D.S.: Was that awkward, those few years when Dave went solo? At the time, did it seem like the end of Depeche Mode?
Andrew Fletcher: Nope, it never was the end. It was important for Dave to do that because he’s always been a singer who doesn’t write the lyrics. Doing his own thing, I think, was very important because he’d talked about doing his own thing for years and he’d never ever done it. Really, if you look at it, the amount of stuff Depeche Mode has worked outside of Depeche Mode is not very much. Martin’s done two solo albums, Dave’s done two solo albums in 30 years, so it was never a…If Dave’s solo album was like a massive hit or something, and he said “bye bye, boys”, I don’t know. [laughs] But no, it was never like that.
D.S.: I understand Dave & Martin wrote together for this album. Would you ever consider joining in the process?
Andrew Fletcher: Not really, no. Actually they didn’t really write together. Martin did an instrumental and Dave separately put some words to it. So they didn’t actually write it together, and I really don’t have any interest in songwriting. I know I’m not a good songwriter, so I’m very lucky to be in a group with Vince Clarke, who’s a great songwriter, Martin, and now Dave’s writing some good songs. You know, not everyone, not every musician is a songwriter. And that might sound strange [laughs].
D.S.: No, I think it’s very refreshing, and you’re very humble because I’ve heard great things about your long-lost album Toast Hawaii.
Andrew Fletcher: It’s not “long-lost” now. Unfortunately Martin Gore’s got a copy of it…
D.S.: So it’s only a matter of time before–
Andrew Fletcher: Yeah, before…I have to be careful, if I annoy him to much he’s going to put it out there.
D.S.: Do you think it will ever get a proper release?
Andrew Fletcher: No, no, it was done as a bit of fun when we were recording probably Black Celebration or something like that, in Berlin, and it’s just me covering rock n’ roll songs with the band playing various instruments.
D.S.: How your Toast Hawaii record label going?
Andrew Fletcher: The label’s not doing anything at the moment. Again, I can only really work with the label when I’m not working with Depeche, because the role of the label is to be full involved with an artist I take on. But when we had our last year off, I didn’t find anyone in that year really, and I ended up deejaying for a few months. So you never know. I have next year off, so if I find someone hopefully, the label will be back on. It’s not like a label that’s “on the go” all the time; it can just start up at any point, you know.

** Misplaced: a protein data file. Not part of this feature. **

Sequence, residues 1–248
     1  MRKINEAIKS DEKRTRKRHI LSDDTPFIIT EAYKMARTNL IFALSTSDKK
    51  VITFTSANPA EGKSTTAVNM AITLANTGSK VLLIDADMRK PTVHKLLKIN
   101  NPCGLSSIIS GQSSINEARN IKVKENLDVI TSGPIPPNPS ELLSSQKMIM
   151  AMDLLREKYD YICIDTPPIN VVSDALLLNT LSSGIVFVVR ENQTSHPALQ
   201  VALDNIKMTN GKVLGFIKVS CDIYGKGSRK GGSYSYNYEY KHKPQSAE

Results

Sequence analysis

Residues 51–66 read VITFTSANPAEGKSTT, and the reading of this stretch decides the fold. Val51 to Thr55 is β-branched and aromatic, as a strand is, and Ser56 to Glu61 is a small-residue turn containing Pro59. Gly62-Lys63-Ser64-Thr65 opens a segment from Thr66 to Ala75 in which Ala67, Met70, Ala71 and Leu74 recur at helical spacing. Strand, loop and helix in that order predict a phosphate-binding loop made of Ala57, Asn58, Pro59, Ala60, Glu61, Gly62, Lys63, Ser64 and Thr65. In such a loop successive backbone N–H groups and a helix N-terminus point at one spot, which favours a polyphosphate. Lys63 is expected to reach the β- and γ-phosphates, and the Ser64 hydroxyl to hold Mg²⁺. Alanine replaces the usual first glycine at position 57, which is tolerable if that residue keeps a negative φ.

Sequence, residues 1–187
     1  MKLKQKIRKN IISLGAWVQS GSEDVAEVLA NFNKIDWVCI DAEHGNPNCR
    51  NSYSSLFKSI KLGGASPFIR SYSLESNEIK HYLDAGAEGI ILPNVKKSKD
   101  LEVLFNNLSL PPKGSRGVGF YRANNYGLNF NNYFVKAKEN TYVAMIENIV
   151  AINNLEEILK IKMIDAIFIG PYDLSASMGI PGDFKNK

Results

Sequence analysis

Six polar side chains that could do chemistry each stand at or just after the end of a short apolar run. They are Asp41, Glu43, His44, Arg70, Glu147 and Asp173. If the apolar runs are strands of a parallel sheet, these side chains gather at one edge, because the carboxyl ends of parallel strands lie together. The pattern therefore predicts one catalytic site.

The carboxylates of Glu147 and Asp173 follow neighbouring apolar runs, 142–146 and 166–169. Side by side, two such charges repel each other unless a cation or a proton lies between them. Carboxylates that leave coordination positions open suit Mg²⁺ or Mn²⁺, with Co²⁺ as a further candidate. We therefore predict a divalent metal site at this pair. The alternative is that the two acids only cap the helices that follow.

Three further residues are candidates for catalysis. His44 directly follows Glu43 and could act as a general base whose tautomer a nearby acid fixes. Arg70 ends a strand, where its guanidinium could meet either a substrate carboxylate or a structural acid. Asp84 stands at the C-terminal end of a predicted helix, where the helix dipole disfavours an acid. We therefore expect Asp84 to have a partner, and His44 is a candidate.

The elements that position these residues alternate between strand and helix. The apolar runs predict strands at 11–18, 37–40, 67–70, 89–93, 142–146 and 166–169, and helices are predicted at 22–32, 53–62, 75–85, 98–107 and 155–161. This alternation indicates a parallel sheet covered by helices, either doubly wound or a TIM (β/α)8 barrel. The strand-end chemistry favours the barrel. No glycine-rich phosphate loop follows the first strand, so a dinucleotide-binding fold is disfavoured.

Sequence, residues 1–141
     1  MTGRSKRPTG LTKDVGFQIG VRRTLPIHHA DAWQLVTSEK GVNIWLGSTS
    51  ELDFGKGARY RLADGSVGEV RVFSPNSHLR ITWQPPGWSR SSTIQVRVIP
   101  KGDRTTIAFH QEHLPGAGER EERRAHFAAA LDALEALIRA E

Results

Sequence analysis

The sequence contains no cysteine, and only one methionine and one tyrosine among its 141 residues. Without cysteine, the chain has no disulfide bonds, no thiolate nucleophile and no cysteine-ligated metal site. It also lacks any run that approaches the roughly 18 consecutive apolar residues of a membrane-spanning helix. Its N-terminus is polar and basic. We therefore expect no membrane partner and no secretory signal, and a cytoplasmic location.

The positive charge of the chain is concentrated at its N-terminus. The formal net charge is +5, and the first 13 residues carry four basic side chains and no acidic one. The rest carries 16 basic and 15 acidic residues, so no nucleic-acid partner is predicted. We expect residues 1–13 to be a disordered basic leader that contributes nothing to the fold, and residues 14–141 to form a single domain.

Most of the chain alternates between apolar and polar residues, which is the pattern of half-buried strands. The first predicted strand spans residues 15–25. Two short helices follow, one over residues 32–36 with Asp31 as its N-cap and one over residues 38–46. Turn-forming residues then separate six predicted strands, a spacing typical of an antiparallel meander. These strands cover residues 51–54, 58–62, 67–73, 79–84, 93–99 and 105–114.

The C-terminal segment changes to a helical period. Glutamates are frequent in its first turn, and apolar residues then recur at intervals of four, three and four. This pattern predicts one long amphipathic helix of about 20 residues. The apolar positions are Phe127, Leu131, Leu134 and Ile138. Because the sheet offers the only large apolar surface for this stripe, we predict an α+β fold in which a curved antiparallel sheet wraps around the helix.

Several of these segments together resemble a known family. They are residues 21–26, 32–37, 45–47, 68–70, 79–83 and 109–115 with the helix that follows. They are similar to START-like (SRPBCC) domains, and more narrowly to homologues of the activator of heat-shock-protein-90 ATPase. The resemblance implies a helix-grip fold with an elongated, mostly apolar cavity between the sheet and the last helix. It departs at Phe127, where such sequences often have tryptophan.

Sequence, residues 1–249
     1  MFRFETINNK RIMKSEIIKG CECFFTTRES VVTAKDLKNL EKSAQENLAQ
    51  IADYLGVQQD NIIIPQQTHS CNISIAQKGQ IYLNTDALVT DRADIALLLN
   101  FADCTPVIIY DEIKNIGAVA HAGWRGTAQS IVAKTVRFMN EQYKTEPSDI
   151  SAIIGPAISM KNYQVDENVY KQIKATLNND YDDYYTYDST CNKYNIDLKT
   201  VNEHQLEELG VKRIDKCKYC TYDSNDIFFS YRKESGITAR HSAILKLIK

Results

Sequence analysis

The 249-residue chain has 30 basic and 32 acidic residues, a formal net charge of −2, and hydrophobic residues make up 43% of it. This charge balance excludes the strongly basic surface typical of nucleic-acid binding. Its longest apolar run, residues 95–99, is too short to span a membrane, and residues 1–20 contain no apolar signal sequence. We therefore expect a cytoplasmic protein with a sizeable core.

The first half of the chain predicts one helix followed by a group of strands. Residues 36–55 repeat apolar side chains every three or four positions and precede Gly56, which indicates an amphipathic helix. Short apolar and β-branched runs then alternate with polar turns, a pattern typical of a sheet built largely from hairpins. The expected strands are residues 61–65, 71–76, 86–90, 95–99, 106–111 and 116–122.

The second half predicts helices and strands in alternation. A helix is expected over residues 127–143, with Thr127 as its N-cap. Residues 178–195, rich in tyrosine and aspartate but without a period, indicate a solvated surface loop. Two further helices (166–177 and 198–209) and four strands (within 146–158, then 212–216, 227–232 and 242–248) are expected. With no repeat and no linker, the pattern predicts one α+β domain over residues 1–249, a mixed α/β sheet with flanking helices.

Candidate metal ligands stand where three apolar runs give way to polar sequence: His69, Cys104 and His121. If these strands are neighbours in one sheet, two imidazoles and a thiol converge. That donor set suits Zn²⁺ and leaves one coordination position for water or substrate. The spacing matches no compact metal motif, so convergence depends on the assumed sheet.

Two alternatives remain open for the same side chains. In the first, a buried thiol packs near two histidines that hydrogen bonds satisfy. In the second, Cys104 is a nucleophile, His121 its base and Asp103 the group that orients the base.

D.S.: You brought up your deejaying, which is another reason you’re known as the member who’s always trying something new. You’ve been getting rave reviews for it. What is your style like?
Andrew Fletcher: I use about 50% vinyl, 50% CDs at the moment. I don’t know what I’m going to do next, maybe a bit more computerized, I don’t know. But it’s been a normal setup. I try and play sort of a lot of music that I feel is suited around Depeche Mode, but I really play anything. I enjoy it, and I tend to go to places that Depeche Mode doesn’t go much, like Bucharest and places like that.
D.S.: Have you ever been asked to guest-deejay at Popscene in SF? They sometimes have guest deejays and it seems right up your alley.
Andrew Fletcher: No I don’t think so. Martin deejays as well, he’s our west coast DJ. He does Santa Barbara, L.A., and I’m sure he does San Francisco.
D.S.: Are you still based in the U.K.?
Andrew Fletcher: I’m based in the U.K., Martin lives in Santa Barbara, and Dave lives in New York, so we’re spread around.
D.S.: Besides the deejaying, what do you do when you’re not working with Depeche Mode?
Andrew Fletcher: On the year off? I just see my family basically. For two years I haven’t seen them that much. They’re probably happy with that actually. You know, just see my friends, go on holiday. Decent things I need doing, quite a few things to do.
D.S.: Why do you think Depeche Mode has had such longevity while other bands – especially electronic bands – have fallen by the wayside?
Andrew Fletcher: A few reasons. I think obviously good songs are very important. We’ve worked very hard, especially on the touring side, which is very important for an electronic band because it’s very easy to be seen as being studio-fied. And just being surrounded by good people. Daniel Miller from Mute Records has been very important since the day we met him, kept us grounded as well as kept us evolving over the years. So, just to finish off, it’s amazing, it’s a dream come true for us to be still going strong after so many years. We were real realists in the beginning. We sort of thought our careers might only last two years or three years. So to be still going now is just a dream come true really. It’s really amazing.Depeche Mode performs Wednesday, August 12 at the Shoreline Amphitheatre in Mountain View. Peter Bjorn and John opens the show. Tickets are still available. Sounds of the Universe is available now.—David Sason
UPDATE: The show has been canceled; doctor’s orders are for Dave Gahan’s complete vocal rest for 48 hours. There will be no rescheduled Bay Area date this year. I guess Fletch wasn’t bullshitting when he called the tour “calamitous”. Full statement is here.